Retracing family roots: ABC's hit show is only television's latest "modern family," one that stretches the boundaries of traditional stereotypes. Here are representative "modern families" from each decade in TV history, with a mix of memorable quotes and trivia.
Good old family values? Not in the last couple of decades. "Despicable" doesn't come close to describing the characters (and sometimes the actual people) from TV's best-loathed shows.
(The Sopranos, 1999-2007)
"What (expletive) kind of human being am I, if my own mother wants me dead?" — Tony Soprano (James Gandolfini)
(Keeping Up With the Kardashians, 2007-present)
Executive producer Ryan Seacrest is to blame for giving America a reason to dread the names Kim, Kourtney, Khloé, Kendall, Kylie and Kris.
The Bluths (Arrested Development, 2003-06)
Using your best Ron Howard voice: "Now the story of a wealthy family who lost everything and the one son who had no choice but to keep them all together."
Homer and Marge weren't the only cartoonish family leaders in the '90s. Roseanne Barr's cranky character and the entire cast of Raymond proved to be just as clownish.
The Simpsons (The Simpsons, 1989-present)
"Doh!" "Don't have a cow, man." "Ay, caramba!" Do we need to go on with Bart's catchphrases? Also one of two on this list set in a Springfield.
The Connors (Roseanne, 1988-97)
"Corn" is shown or mentioned in every episode (usually canned corn).
The Barones (Everybody Loves Raymond, 1996-2005)
Ray Ramano had the main role, but Peter Boyle (Frank Barone, above) often had the punch line: "Holy c---!"
Money was the theme in the go-go '80s, from the white-collar Cosbys to the soap tycoons on Dallas. And even for the middle-class Keatons, cash was king to Reagan-loving Michael J. Fox.
The Huxtables (The Cosby Show, 1984-92)
A never-ending source of advice from Dr. Heathcliff "Cliff" Huxtable: "Look at me when you lie."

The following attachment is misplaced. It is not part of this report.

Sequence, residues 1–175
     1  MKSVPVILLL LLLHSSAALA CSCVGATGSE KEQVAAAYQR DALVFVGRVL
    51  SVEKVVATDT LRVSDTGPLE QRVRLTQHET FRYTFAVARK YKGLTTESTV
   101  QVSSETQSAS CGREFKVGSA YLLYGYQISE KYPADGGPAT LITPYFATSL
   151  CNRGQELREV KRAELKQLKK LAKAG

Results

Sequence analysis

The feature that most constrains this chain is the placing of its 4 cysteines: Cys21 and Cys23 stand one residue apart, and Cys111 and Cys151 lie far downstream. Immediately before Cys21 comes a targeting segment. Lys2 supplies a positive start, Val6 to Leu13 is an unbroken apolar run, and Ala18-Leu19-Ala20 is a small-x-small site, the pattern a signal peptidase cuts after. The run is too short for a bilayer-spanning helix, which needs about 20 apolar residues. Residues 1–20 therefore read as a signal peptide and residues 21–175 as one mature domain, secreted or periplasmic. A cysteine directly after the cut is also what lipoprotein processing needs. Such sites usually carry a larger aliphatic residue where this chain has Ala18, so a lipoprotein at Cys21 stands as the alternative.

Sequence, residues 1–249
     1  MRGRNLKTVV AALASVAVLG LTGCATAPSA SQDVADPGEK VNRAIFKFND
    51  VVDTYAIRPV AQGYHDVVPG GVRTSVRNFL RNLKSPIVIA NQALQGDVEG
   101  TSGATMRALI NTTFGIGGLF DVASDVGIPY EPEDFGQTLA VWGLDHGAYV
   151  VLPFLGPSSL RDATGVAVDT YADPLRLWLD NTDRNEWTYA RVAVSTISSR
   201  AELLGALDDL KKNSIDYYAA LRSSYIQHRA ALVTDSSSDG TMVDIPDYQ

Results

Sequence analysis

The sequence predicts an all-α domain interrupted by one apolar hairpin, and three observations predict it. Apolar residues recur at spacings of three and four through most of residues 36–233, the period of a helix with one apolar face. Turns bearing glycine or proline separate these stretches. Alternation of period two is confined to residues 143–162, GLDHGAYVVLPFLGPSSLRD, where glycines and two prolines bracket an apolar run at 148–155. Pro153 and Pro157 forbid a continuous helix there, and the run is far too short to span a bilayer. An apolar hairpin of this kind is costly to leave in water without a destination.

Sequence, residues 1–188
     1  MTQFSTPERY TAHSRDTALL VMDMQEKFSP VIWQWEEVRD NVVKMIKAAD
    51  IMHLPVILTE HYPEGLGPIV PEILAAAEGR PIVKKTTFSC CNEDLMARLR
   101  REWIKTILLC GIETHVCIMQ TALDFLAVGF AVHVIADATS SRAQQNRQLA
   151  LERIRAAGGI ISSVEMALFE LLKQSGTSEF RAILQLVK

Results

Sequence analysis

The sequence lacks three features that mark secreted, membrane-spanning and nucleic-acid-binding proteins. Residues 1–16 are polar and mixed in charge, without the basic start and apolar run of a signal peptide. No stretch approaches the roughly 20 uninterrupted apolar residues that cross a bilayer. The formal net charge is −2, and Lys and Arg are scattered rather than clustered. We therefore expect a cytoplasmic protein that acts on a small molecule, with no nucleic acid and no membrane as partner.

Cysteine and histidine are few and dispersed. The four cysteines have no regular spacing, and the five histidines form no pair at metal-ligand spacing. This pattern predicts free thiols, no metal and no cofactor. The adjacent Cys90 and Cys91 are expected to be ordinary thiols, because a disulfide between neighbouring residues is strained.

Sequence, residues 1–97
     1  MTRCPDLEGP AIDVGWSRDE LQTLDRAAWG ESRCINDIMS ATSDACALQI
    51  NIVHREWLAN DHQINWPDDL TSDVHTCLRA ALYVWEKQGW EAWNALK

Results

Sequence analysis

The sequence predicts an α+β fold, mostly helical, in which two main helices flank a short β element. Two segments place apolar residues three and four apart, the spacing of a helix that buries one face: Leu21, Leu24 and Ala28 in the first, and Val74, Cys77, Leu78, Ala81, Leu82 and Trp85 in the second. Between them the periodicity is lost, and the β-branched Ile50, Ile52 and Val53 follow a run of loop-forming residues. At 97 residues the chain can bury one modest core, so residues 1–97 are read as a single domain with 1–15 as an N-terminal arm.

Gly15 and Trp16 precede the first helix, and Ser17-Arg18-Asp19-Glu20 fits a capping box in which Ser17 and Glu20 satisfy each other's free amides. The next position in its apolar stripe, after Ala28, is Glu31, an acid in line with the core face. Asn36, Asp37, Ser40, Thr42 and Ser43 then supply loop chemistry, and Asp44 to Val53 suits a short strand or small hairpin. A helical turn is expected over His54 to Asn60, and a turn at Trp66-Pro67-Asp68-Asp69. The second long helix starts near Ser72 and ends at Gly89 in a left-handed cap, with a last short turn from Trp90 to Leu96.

The Ewings (Dallas, 1978-91)
The ultimate cliffhanger: Who shot J.R.?
The Keatons (Family Ties, 1982-89)
So popular was this Michael J. Fox show that the star was forced to shoot his scenes as Alex P. Keaton during the day and then race off to become Marty McFly at night during filming of Back to the Future.
Jon and Kate Gosselin picked the wrong decade. Bigger was better in the '70s, where families needed bunk beds and shared bathrooms to accommodate their enormous broods.
The Bradys (The Brady Bunch, 1969-74)
"Marcia, Marcia, Marcia!" — Jan (Eve Plumb)
The Partridges (The Partridge Family, 1970-74)
You'll be singing the theme song the rest of the day: Come On Get Happy.
The Bradfords (Eight is Enough, 1977-81)
Can you name them all? The kids, from oldest to youngest, were David, Mary (above), Joanie, Susan, Nancy, Elizabeth, Tommy and Nicholas.
When the Space Race captivated the world in the 1960s, TV put one family into outer space and sent another into the Stone Age. As for the Addamses, well, they're altogether ooky.
(The Flintstones, 1960-66)
"WILMA!" — Fred
The Robinsons (Lost in Space, 1965-68)
"That does not compute." — Robot
The Addamses (The Addams Family, 1964-66)
Lurch: (gong) "You rang?"
Fathers in suits who head off to work, moms in housedresses who stay home and bake, and children who obey. Today, we'd call it satire. In the '50s, it was called status quo.
The Cleavers (Leave It to Beaver, 1957-63)
"Gee, Wally, that's swell." — Theodore "Beaver" Cleaver (Jerry Mathers), who had the mom-in-pearls every kid wanted, June Cleaver (Barbara Billingsley).
With Lorne Greene and Michael Landon, this was the first U.S. Western television show to have all its episodes filmed in color.
The Andersons (Father Knows Best, 1954-60)
With wise, fatherly Robert Young in the title role, this show also took place in Springfield, state unknown, though characters mentioned Altoona, an actual city in Pennsylvania.
Compiled by Steve Spears and Kelly Smith, Times staff writer